It’s said that Confucius advised, “Choose a job you love, and you will never have to work a day in your life.”
While I’m sure that some days feel more like “work” than others, it’s hard to deny that this investor has found his passion. Exploring niches from multifamily to self-storage to mentoring and advising others, Giovanni Isaksen has been surrounded by real estate his entire life. Today, he works to provide due diligence, market research, financial analysis and asset management to clients for their apartment, self-storage and mobile home park investments — and also is involved raising funds for a number of development deals. To top it off, he spends his free time mentoring and advising women entrepreneurs in CRE and tech.
In this interview, I couldn’t help but sense Giovanni’s pure enthusiasm for the industry. It was simply so apparent that he lived and breathed real estate — and his curiosity for different areas within the industry has shaped his career and led to some very unique and interesting experiences (and lessons learned).
Whether you’re a newbie mobile home investor or seasoned apartment building mogul, I guarantee you’ll learn something from his diverse experiences — or at least enjoy his intriguing story.
Want to ask Giovanni something not included in this interview? Be sure to leave a comment!
How I Bought, Rehabbed, Rented, Refinanced, and Repeated for 14 Rental Properties
This is the dream right? Going from zero to 10+ rental properties, providing stable cash flow and long-term wealth for you and your family, and building a scalable business model to boot! Learn how this investor did just that, in this exclusive story featured on BiggerPockets!
A Conversation With Value Investor Giovanni Isaksen
Giovanni was born into a family whose real estate history goes back to his great-grandfather, an architect in San Francisco who built and owned office and residential buildings after the 1906 earthquake. A “rebellious child who grew up mowing lawns, patching drywall and cleaning out apartments,” he says he wanted to do something different — so he went into construction. (At least he didn’t have to deal with tenants, toilets and trash, he mentions.) He began running projects for a company that did condo and residential work during a construction boom.
Realizing that he could make much more money by being “just a little less disorganized” than his bosses, he started a company that built one-of-a-kind homes and performed additions and remodels on high end homes in the Seattle area. Construction was booming at the time (late ’90s and early ’00s), and a lot of his customers were early Microsoft employees, who introduced him to some of the latest technology and what he dubs “the systems religion,” which allowed him to leverage technology to automate his business. Cutting edge at the time, he was suddenly able to manage three project leads, running three jobs while planning the next three.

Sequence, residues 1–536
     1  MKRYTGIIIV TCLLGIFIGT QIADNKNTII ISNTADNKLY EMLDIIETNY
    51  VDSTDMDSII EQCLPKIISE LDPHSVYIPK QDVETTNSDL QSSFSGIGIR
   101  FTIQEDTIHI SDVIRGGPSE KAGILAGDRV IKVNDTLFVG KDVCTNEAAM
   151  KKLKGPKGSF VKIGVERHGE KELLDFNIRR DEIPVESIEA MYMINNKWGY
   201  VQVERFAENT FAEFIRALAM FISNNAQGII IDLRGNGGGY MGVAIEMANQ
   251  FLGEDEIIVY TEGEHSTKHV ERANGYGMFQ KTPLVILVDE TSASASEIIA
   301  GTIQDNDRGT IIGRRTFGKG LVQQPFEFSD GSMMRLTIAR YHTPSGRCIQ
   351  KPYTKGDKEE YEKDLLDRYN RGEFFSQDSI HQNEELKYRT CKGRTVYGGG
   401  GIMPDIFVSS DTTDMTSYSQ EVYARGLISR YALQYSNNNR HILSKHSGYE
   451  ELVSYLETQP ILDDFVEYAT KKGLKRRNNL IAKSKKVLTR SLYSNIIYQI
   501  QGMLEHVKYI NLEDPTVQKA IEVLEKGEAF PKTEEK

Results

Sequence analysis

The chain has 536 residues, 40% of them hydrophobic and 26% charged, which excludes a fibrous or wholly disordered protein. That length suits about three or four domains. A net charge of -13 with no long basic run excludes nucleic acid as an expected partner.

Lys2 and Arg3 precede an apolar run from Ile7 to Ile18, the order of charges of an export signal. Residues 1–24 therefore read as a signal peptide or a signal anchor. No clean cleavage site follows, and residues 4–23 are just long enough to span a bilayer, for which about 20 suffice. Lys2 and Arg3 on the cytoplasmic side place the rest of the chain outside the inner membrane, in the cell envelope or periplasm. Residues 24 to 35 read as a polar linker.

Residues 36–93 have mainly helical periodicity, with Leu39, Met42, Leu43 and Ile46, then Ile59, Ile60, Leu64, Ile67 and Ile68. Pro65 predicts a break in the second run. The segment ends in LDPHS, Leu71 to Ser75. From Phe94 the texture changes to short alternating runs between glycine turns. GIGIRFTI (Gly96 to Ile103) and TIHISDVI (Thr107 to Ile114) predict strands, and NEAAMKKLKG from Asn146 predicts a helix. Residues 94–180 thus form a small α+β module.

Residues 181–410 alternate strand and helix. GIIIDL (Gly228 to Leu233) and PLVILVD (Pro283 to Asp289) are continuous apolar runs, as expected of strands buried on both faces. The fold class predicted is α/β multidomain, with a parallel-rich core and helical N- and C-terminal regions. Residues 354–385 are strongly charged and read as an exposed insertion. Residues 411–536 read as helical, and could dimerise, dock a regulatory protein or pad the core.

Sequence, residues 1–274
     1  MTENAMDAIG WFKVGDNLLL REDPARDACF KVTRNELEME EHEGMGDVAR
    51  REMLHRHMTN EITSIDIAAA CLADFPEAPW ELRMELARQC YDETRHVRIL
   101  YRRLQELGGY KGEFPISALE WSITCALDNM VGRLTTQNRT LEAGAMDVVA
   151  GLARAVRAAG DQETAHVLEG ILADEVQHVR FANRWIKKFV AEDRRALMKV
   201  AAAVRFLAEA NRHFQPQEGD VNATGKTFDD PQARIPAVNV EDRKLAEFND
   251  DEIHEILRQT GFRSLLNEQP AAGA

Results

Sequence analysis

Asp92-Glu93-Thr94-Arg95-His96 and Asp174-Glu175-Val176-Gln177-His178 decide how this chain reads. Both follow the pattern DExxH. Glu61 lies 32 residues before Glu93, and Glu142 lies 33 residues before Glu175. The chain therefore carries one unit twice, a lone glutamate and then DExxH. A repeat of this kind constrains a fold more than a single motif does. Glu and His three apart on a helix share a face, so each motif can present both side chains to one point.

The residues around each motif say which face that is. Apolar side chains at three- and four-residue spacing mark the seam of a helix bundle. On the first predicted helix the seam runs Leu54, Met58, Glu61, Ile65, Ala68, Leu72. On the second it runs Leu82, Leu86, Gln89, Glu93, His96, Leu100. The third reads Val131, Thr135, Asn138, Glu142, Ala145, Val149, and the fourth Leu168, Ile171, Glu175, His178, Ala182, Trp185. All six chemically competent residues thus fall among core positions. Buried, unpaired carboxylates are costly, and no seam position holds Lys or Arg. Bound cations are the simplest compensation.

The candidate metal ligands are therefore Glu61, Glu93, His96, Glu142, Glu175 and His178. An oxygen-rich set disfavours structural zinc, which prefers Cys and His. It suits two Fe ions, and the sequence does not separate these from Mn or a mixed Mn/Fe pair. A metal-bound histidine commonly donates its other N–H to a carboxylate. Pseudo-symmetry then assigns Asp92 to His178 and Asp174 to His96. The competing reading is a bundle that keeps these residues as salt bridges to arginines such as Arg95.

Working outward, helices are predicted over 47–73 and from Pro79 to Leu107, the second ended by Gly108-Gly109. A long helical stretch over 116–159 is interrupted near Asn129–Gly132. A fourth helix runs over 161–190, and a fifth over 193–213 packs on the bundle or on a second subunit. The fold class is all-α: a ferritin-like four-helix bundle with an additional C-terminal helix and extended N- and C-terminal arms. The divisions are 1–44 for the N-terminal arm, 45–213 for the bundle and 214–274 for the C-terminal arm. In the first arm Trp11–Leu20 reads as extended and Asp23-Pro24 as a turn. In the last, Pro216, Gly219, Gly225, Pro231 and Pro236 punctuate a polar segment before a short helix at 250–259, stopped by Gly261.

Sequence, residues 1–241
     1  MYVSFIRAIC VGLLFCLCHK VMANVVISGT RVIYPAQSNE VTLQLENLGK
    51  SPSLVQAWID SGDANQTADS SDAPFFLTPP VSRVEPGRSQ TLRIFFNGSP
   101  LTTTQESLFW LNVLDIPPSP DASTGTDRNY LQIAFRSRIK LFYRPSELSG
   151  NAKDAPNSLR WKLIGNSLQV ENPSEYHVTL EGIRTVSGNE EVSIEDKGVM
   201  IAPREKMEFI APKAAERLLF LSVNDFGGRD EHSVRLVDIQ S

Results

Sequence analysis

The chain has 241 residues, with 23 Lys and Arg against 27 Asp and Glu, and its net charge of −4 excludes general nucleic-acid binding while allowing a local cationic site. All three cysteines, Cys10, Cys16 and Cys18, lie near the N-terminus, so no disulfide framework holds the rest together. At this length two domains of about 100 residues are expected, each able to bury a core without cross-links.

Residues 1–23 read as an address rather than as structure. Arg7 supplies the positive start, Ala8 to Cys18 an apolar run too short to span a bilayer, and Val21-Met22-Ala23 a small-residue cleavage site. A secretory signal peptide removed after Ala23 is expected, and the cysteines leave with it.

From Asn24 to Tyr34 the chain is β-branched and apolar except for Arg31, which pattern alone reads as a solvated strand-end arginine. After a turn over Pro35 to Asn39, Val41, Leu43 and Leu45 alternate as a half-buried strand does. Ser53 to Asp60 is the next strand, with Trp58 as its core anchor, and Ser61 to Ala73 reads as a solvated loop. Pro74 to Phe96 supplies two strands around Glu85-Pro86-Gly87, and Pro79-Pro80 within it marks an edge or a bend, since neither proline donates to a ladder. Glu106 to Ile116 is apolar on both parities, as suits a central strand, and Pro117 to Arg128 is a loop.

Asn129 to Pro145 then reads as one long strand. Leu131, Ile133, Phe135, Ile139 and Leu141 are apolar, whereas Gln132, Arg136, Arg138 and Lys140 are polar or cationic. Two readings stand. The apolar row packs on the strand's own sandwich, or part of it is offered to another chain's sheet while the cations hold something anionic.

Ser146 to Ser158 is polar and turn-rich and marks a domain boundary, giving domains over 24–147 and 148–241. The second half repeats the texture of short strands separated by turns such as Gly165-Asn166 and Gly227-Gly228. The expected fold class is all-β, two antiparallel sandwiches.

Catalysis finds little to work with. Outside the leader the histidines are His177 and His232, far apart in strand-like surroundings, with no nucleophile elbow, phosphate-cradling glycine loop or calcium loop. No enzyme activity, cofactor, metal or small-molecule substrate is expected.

Overheads were down, and profits were up.
Construction is Like Horse Racing
Still, the draw to climb higher up the ladder gnawed at him…
“Eventually it dawned on me that construction was like the horse racing business. The horse has a really good life, being well fed, pampered, groomed, etc., and it gets to go race around with its friends every few days. But the horse soon figures out that it’s doing all the work and thinks being the jockey would be a much better deal. The jockey does have it pretty good too, riding the fastest horses a few hours a day while making a decent to really good living. But of course it doesn’t take long for the jockey to figure out that it’s the owner who makes the vast majority of the money, and all they do is stand around in the clubhouse drinking mint juleps,” says Giovanni.
“On a good day as a contractor I was the jockey, on other days I was the stablehand cleaning out stalls, so that’s when I really started thinking about all the real estate lessons from my family. I knew I wanted to be the owner and started looking for opportunities to buy houses and fix them up.”
The Rehab Business
And so, he partnered with a friend from the finance industry, used some startup capital and implemented the systems and people he had in place to do the work. Originally planning to hold the houses as rentals, at the beginning of what would turn out to be a market bubble, they soon began receiving offers that were too good to turn down.